Common allergies

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Are you getting a reaction?

Food, drugs, bugs, and latex are just a few of the allergens your body can react to. Learn how to reduce your risk of allergic reactions to common allergens.

If you have severe food, drug, or bug allergies, you may want to keep an Epi-Pen with you at all times. Ask your doctor or pharmacist to show you how to use it, and train other people in your home on what to do.

Food allergies

Your immune system can have an abnormal reaction to food. The best treatment for a food allergy is to avoid the foods that cause it. Ask your doctor about medications you can take and what you should do if you accidentally eat a food that you're allergic to. And ask your doctor if you should have an Epi-Pen to carry with you for use in case of a severe allergic reaction.

Drug allergies

A drug allergy is when your immune system overreacts to a medicine, such as aspirin or penicillin. Drug allergies may cause:

  • skin problems, such as hives, or a rash
  • blistering and peeling skin (Stevens-Johnson Syndrome)
  • trouble breathing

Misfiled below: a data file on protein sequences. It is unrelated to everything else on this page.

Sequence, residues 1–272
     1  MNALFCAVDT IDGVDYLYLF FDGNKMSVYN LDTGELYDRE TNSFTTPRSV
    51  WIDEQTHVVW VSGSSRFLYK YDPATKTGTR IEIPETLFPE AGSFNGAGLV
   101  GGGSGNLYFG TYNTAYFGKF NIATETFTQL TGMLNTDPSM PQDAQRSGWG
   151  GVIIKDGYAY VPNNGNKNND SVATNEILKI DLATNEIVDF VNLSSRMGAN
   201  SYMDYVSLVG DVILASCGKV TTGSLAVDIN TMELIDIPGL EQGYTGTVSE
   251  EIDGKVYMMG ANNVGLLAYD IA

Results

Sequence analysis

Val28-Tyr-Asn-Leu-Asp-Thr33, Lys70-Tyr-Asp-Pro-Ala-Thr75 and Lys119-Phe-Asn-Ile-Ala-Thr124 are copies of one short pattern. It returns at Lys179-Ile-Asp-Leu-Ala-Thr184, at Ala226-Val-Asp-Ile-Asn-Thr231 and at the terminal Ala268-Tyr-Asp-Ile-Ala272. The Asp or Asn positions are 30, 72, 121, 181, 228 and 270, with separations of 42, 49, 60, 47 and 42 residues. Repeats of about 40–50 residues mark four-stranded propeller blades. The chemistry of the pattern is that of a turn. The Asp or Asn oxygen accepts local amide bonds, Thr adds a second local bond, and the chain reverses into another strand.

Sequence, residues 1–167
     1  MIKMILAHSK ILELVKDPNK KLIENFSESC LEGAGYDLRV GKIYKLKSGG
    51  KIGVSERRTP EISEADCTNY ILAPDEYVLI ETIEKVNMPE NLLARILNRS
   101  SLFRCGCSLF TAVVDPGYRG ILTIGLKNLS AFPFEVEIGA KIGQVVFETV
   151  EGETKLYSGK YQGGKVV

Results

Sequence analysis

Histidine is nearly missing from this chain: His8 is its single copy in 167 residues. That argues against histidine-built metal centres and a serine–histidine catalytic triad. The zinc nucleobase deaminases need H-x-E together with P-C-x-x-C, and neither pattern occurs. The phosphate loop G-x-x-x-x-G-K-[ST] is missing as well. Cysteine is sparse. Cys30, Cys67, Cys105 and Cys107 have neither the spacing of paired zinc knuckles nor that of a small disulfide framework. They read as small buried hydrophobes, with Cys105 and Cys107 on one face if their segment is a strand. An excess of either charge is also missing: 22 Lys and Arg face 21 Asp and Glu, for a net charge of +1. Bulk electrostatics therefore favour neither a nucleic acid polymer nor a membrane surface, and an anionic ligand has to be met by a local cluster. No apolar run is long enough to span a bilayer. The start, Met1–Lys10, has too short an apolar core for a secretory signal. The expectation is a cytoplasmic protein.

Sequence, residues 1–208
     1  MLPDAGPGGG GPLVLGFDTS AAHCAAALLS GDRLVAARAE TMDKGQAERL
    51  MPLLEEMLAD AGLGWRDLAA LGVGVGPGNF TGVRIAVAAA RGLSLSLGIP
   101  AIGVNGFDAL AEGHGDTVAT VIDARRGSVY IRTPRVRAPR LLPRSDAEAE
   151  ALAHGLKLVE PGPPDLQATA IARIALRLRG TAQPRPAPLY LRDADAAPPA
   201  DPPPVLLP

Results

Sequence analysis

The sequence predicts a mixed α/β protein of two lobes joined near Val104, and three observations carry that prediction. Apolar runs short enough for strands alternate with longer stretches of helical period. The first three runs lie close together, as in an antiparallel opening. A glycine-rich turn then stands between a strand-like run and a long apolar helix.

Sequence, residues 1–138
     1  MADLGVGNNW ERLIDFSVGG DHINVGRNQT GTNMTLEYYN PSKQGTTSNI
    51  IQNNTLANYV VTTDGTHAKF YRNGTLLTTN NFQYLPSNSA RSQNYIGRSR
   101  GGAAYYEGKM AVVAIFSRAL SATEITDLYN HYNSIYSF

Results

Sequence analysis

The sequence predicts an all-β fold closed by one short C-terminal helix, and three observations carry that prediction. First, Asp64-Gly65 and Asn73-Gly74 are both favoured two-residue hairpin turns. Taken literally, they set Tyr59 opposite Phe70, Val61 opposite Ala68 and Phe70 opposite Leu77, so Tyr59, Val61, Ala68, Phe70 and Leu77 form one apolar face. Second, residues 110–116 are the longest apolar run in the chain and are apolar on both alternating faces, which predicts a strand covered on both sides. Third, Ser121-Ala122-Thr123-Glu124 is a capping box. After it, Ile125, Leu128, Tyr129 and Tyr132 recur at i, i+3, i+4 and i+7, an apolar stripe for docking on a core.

• swelling of the lips, mouth, and throat
  • anaphylaxis, a severe allergic reaction that affects your whole body
  • belly pain, nausea, vomiting, or diarrhea
  • a fever

If you think that you’re having an allergic reaction to a medication, stop taking it immediately and call your doctor or pharmacist. 

Bug bites and stings

Some people have an allergic reaction, usually swelling or a rash, to the venom in bug bites or stings. If you're allergic to them, try to stay away from bugs, especially bees and wasps:

  • don't wear scents or perfumes
  • avoid bright or floral clothing
  • don't stand near open garbage cans
  • eat indoors

Ask your doctor about medications you can take if you’re bitten or stung by an insect.

Latex allergies

Some people are allergic to latex, the rubber found in some medical and household products.  This allergy usually develops in people who have a lot of exposure to latex.

The itch factor

Do you often suffer from red, bumpy, scaly, itchy, inflamed, blistered, or swollen skin? Touching plants like poison ivy, medications, cosmetics, perfumes, and many other common substances can cause an allergic reaction, such as the form of eczema that is called "contact allergy" or allergic contact dermatitis. If you’re very uncomfortable, ask your doctor if you should use an over the counter medication such as Hydrocortisone cream.

Reviewed by: William Crawford, MD, December 2015
Additional Kaiser Permanente reviewers

© 2015 Kaiser Permanente